by Airman 1st Class Christopher Morales
JBER Public Affairs
9/17/2015 - JOINT BASE ELMENDORF-RICHARDSON, Alaska -- In
1995, Air Force Capt. Scott O'Grady was shot down over Bosnia. He
survived a week until his rescue with only a 29-pound survival bag of
gear, rations and most importantly, a radio.
A routine mission or an emergency night flight can have the same
consequences. Human error and technical difficulties can take down an
aircraft just as swiftly as anti-aircraft fire.
When all else fails, the personnel of Aircrew Flight Equipment are the last to let you down.
Their job is to inspect, maintain and configure aircraft and aircrew
with the equipment they need to survive. They maintain oxygen equipment
and survival gear for emergencies, in addition to flight helmets, masks
and night vision goggles for everyday missions.
"We don't always see the fruit of our labor [because] the emergency
equipment on board isn't used every day, which is a good thing," said
Senior Airman Robert Moran, 3rd Operations Support Squadron AFE
journeyman. "When they need to use AFE, it works every time."
AFE covers gear like lifeboats, chemical protection bags and
personnel-recovery kits, as well as location-specific items like arctic
kits, survival vests and body armor.
From night vision goggles to parachutes and everything in between, the
AFE Airmen check, inspect, correct and double-check for maximum
Every piece of equipment must be inspected, so AFE Airmen operate on a
cycle, such as a 90-day rotation for masks and helmets. The cycle
differs based on the use and nature of equipment.
"If [an item] has any write-ups they have to fix it again, and we check
to see if it was done correctly. Then they put them it back in the
lockers," said Air Force Staff Sgt. Felicia Druin, an AFE craftsman. "We
also have technical orders. They go step-by-step by the TO."
The flight supports the 962nd Airborne Air Control Squadron as well as the 90th and 525th fighter squadrons.
"We have approximately 190 aircrew members, and each one has [a] locker
room here with their helmets, masks, [protective] gear and other
equipment," Moran said. "Sometimes, you are inspecting and maintaining
gear that is just rarely used - but when it is, it really matters.
"We specialize in C-17 [Globemaster IIIs] and C-12 [Hurons]," Moran
said. "Sometimes, when the Airmen finish their upgrade training and are
knowledgeable in this area and airframe, it's likely that leadership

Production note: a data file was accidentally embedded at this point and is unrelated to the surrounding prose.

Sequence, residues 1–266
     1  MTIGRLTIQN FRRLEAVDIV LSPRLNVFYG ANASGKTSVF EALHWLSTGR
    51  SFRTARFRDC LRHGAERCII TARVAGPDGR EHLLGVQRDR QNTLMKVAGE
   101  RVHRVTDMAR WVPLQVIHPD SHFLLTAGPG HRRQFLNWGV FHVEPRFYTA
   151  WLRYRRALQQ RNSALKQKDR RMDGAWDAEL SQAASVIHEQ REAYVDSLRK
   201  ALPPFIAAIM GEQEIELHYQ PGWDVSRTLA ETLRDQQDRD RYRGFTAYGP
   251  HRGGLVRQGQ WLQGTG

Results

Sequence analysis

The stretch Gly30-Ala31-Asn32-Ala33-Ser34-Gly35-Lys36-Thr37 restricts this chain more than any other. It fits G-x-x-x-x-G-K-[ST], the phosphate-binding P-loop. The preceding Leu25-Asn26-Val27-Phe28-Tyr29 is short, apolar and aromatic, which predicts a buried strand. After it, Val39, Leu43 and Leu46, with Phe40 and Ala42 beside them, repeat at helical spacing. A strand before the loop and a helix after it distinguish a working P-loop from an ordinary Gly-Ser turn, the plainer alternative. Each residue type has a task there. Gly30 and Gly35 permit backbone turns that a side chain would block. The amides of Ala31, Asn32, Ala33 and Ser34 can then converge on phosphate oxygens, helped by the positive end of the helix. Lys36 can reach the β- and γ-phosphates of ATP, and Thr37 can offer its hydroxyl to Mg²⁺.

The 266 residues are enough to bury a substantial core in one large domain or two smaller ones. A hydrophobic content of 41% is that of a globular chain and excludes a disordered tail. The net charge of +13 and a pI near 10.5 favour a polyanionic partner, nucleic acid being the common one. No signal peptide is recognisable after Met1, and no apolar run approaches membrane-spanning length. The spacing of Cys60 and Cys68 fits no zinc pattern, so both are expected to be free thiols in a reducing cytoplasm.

will move Airmen for their benefit to get a better understanding of the
entire career field, not just focus on C-17s. [They then] get a taste of
what it's like to work with the fighters."
Each aircrew member has a "D" bag, a chemical-defense bag which includes
specialized in-flight protective equipment, such as coveralls and a
mask with filters and a blower, gloves, hoods, boots, and detection
"We maintain their helmet[s], and their masks," Moran said. "If the
aircrew members are going to go on a mission, they usually come here in
the morning requesting their gear."
The Airmen also maintain aircraft gear - from the oxygen masks for passengers to life rafts and life vests.
"We installed [personnel-recovery kits], which contain two C-cell radios
which call out in case of emergency," Moran said. "There are
instructions for our guys to follow, and it will reach out to a rescue
unit which will find them and take them home."
Sometimes more or different equipment is packed.
"We have seven survival vests that go on the jet along with seven
body-armor vests," Moran said. "This is what the aircrew members would
use when flying over [a] hostile environment."
"In the winter time, we put on extra kits for the C-17 and C-12, called arctic kits," Moran said.
There are two on each C-17 and one on each C-12, he explained, each
containing a 'wiggy-walk-around suit,' - like a walking sleeping bag -
and other cold-weather gear.
The kits, designed for tundra survival, are placed on JBER aircraft between October and May each year.
"You always have [to] trust in what they do," said Air Force Capt.
Joshua Topliff, 517th Airlift Squadron Readiness Flight commander.
There are low margins of error when flying, especially when the aircraft
is only 500 feet above the ground in limited visibility, Topliff said.
Equipment differs by location. "At my last base, I packed personnel
parachutes," Druin said. "It is very rewarding knowing that what you're
doing is saving a life and giving them the good training they need."